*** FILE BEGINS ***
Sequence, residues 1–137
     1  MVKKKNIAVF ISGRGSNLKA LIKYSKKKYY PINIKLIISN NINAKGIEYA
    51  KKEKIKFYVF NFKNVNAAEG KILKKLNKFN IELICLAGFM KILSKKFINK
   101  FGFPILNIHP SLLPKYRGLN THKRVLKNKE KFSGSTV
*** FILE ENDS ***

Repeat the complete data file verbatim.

Sequence, residues 1–137
     1  MVKKKNIAVF ISGRGSNLKA LIKYSKKKYY PINIKLIISN NINAKGIEYA
    51  KKEKIKFYVF NFKNVNAAEG KILKKLNKFN IELICLAGFM KILSKKFINK
   101  FGFPILNIHP SLLPKYRGLN THKRVLKNKE KFSGSTV